The conductive contacts 2 and the insulative housing 1 may be insert molded together. Or, each conductive contact 2 may include a mounting section (not visible), a connecting section 23 extending from one end of the mounting section, a contact section 22 extending forwardly from the other end of the mounting section, and a solder section 21. The contact sections 22 are received in the elongate grooves 130. The bottom ends of the contact portions 22 project from the surface of the elongate grooves 130 for contacting with the conductive contacts of a mating connector (not shown). The solder portions 21 are placed on the same plane with the insulative housing 1 for soldering to the PCB.
The shell 3 includes a bottom plate 30, a top plate 31, a pair of side plates 32 projecting from the top plate 31 and a pair of connecting plates 33. The pair of side plates 32 extends downwardly from the top plate 31. The connecting plates 33 are located at the back of the shell 3 for connecting the bottom plate 30 and the top plate 31. A guiding slot 300 is defined at the front end of the bottom plate 30, and a pair of engaging plates 301 extends from the rear edge of the bottom plate 30. A first notch 302 and a second notch 303 are defined at two side edges of the bottom plate 30. Each bottom edge of the side plates 32 extends outwardly to form a solder plate 320 for soldering to the PCB. A tang 321 projects inward from each side plate 32. A pair of stopping plates 312 projects from the rear edge of the top plate 31 adjacent the side plates 32. Particularly, the stopping plates 312 are on the same plane with the top plate 31 when the insulative housing 1 is not assembled with the shell 3.
Referring to FIGS. 2-4, after assembly, the insulative housing 1 is inserted into the shell 3 from the rear end thereof. The engaging plates 301 are received in the slots 121 of the insulative housing 1 for preventing the insulative housing 1 and the shell 3 from producing relative displacement. The first and second blocks 110, 112 are held at the first and second notches 302, 303. The pair of stopping plates 312 are bent to be received in the first recesses 122 for preventing the insulative housing from horizontally moving. The tangs 321 are held at the second recesses 123. Therefore, the insulative housing 1 and the shell 3 are assembled reliably together.
In the present invention, through the engaging plates 301 of the shell 3 being inserted into the slots 121 of the insulative housing 1, during soldering the I/O connector to the PCB and subsequent cooling process, the shell will not displace relative to the insulative housing, and the solder sections 21 of the conductive contacts 2 can reliably connect with the traces on the PCB 5. Therefore, the present invention overcomes the deficiencies of the conventional I/o connectors.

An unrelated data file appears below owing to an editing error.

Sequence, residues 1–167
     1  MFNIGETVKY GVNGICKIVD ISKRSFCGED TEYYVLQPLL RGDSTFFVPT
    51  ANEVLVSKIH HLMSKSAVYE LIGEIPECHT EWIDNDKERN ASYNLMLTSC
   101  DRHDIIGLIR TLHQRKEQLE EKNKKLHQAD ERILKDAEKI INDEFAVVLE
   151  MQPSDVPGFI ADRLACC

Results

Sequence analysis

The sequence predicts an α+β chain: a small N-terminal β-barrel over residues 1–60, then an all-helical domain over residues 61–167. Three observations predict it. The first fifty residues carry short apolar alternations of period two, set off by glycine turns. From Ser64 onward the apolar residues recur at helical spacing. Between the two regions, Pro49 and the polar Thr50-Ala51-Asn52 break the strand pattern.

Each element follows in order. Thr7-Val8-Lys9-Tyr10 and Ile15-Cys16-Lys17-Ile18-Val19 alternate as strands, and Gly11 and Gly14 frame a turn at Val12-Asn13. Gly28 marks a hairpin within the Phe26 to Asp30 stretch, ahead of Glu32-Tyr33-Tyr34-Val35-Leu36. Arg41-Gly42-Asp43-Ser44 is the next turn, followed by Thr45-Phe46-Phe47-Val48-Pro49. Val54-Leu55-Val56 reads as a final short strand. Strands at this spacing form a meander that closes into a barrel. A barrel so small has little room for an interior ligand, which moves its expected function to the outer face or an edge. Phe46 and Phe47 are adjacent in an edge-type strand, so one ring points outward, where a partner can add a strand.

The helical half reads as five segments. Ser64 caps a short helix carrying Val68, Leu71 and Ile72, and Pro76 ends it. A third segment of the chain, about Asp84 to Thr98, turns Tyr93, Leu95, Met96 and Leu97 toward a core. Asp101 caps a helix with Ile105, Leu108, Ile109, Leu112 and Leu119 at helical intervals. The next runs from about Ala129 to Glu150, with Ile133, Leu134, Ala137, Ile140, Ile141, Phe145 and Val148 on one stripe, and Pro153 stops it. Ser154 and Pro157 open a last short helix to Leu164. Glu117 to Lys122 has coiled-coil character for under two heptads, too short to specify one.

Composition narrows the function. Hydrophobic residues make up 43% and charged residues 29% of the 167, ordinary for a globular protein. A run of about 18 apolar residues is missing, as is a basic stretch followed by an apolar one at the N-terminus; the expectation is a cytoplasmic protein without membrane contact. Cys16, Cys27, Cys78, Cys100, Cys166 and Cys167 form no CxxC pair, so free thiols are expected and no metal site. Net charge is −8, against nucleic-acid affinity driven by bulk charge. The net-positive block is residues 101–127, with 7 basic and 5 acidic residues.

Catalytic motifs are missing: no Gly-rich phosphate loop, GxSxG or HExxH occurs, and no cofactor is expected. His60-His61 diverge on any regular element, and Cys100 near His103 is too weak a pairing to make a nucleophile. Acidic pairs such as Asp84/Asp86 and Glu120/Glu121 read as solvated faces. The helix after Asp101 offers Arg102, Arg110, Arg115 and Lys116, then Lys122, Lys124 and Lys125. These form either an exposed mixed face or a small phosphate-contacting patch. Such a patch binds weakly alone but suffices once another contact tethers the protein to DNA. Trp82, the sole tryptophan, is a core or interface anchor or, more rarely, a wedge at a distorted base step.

While the present invention has been described with reference to a specific embodiment, the description is illustrative of the invention and is not to be construed as limiting the invention. Various modifications to the present invention can be made to the preferred embodiment by those skilled in the art without departing from the true spirit and scope of the invention as defined by the appended claims.
|Cited Patent||Filing date||Publication date||Applicant||Title|
|US6179661 *||May 10, 1999||Jan 30, 2001||Hon Hai Precision Ind. Co., Ltd.||Electrical connector with a securely attached shield|
|US6193552 *||Mar 22, 1999||Feb 27, 2001||Hon Hai Precision Ind. Co., Ltd.||Electrical connector|
|US6241556 *||Jan 20, 2000||Jun 5, 2001||Hon Hai Precision Ind. Co., Ltd.||Retention member for connector|
|US6247967 *||Dec 7, 1998||Jun 19, 2001||Hon Hai Precision Ind. Co., Ltd.||Shielded electrical connector for IC card|
|US6267623 *||Oct 1, 1998||Jul 31, 2001||Japan Aviation Electronics Industry, Limited||Electrical connector with a mating portion defined by a metallic shell|
|US6270379 *||Nov 29, 1999||Aug 7, 2001||Hon Hai Precision Ind. Co., Ltd.||Connector with securely retained contacts|
|Citing Patent||Filing date||Publication date||Applicant||Title|
|US6520802 *||Jun 16, 2000||Feb 18, 2003||Fci||Shielded connector assembly|
|US6544071 *||Dec 24, 2001||Apr 8, 2003||Hon Hai Precision Ind. Co., Ltd.||Liquid crystal display connector|
|US6663425 *||Nov 7, 2002||Dec 16, 2003||Hon Hai Precision Ind. Co., Ltd.||Electrical connector with reliably assembled shield and housing|
|US6796839 *||Mar 24, 2003||Sep 28, 2004||Hon Hai Precision Ind. Co., Ltd.||Electrical connector|
|US6875055 *||Apr 20, 2004||Apr 5, 2005||Speed Tech Corp.||Electrical connector|
|US7294018 *||Apr 25, 2007||Nov 13, 2007||Yazaki Corporation||Board connector|
|US20040192111 *||Mar 24, 2003||Sep 30, 2004||Jerry Wu||Electrical connector|
|US20040259418 *||Apr 20, 2004||Dec 23, 2004||Chang-Sing Chu||Electrical connector|
|Jan 25, 2006||REMI||Maintenance fee reminder mailed|
|Jul 10, 2006||LAPS||Lapse for failure to pay maintenance fees|
|Sep 5, 2006||FP||Expired due to failure to pay maintenance fee|
Effective date: 20060709